10.01, Geb. 30.23, CS; and Zoom
Indian Institute of Technology Bombay, India
There is a growing consensus that generic disordered quantum wires, e.g. the XXZ-Heisenberg chain, do not exhibit many-body localization (MBL) - at least not in a strict sense within a reasonable window of disorder values. Specifically, computational studies of short wires exhibit an extremely slow but unmistakable flow of physical observables with increasing time and system size (`creep') that is consistently directed away from (strict) localization. Our work sheds fresh light on delocalization physics: Strong sample-to-sample fluctuations indicate the absence of a generic time scale, i.e., of a naive "clock rate"; however, the concept of an "internal clock" survives, at least in an ensemble sense.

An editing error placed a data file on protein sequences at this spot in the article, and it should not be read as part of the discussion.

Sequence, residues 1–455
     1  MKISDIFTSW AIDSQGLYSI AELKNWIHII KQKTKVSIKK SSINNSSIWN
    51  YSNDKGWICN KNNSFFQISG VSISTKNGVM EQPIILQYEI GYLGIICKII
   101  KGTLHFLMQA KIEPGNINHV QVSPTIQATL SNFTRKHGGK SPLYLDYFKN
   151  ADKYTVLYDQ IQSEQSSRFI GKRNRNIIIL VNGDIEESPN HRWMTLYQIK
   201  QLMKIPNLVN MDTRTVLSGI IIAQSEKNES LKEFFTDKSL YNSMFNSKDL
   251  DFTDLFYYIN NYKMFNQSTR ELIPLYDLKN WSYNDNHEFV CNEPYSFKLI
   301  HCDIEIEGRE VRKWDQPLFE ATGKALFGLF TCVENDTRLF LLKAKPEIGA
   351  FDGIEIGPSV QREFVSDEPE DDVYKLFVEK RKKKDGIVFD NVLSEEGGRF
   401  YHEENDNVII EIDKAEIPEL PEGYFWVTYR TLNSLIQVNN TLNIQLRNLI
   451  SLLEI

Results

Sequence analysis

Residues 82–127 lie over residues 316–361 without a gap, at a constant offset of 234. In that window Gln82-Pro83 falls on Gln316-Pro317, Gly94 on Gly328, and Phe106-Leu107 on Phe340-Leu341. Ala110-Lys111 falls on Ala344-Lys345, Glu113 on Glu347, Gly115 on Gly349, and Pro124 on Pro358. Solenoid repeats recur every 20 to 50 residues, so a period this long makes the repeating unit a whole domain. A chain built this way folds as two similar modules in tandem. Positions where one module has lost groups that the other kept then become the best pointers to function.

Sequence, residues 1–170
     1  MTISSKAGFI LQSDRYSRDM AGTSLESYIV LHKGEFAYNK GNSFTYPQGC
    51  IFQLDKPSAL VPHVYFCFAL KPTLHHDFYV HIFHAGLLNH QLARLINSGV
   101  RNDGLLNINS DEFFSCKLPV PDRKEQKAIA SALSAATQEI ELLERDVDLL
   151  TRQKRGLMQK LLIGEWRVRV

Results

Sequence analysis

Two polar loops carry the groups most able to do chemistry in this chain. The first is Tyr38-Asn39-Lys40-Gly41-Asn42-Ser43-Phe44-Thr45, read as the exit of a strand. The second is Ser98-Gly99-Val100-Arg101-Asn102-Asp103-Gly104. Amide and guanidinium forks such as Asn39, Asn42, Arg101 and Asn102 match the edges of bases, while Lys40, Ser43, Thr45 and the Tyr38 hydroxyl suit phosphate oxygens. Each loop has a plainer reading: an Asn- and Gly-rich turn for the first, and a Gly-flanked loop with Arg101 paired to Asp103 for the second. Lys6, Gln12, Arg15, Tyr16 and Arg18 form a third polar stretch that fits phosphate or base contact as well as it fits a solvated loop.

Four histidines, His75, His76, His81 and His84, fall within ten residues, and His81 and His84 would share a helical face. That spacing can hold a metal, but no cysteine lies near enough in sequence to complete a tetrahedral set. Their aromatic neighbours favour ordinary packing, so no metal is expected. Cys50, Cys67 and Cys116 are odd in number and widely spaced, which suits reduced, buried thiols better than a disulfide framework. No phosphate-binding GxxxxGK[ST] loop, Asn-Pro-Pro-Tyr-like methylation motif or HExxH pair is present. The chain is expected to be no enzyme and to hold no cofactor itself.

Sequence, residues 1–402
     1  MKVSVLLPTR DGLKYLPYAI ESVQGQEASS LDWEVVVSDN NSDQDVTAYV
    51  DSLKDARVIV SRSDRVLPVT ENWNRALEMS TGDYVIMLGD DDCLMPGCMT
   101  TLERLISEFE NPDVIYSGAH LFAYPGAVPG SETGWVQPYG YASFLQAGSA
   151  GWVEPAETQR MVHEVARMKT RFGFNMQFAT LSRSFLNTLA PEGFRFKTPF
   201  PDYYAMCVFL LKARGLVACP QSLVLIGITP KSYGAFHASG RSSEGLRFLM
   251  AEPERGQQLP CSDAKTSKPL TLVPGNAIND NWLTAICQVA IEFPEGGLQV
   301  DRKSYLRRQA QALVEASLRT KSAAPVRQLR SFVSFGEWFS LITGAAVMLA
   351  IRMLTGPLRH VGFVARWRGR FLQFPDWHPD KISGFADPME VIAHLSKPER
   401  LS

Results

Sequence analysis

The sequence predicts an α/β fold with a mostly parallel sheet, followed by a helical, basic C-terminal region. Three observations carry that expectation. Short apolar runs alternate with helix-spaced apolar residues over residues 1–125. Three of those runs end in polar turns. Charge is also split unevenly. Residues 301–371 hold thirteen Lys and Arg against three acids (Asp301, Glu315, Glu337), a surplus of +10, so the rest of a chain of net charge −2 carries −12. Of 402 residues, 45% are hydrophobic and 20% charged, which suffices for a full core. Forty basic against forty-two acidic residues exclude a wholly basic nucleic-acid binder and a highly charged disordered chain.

Specifically, we investigate the relaxation of the charge imbalance and the entanglement entropy in a 1D system of interacting disordered fermions. We observe that the average entropy appropriately models the ensemble-averaged internal clock and reduces fluctuations. We take the tendency for faster-than-logarithmic growth of entanglement and smooth dependency on the disorder of all our observables within the entire simulation window as support for the cross-over scenario, discouraging an MBL transition within the traditional parametric window of computational studies.